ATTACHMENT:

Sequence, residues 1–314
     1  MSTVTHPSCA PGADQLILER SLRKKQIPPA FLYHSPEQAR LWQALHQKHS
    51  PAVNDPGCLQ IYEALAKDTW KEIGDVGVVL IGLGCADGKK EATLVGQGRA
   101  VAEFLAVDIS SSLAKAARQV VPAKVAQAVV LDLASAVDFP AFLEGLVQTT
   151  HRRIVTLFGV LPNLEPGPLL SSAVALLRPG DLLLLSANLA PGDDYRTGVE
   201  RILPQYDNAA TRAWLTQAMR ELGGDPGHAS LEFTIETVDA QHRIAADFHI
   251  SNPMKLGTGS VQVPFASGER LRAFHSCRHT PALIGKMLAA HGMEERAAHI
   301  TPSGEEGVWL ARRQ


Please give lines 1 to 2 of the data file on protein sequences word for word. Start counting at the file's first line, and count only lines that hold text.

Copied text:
Sequence, residues 1–314
     1  MSTVTHPSCA PGADQLILER SLRKKQIPPA FLYHSPEQAR LWQALHQKHS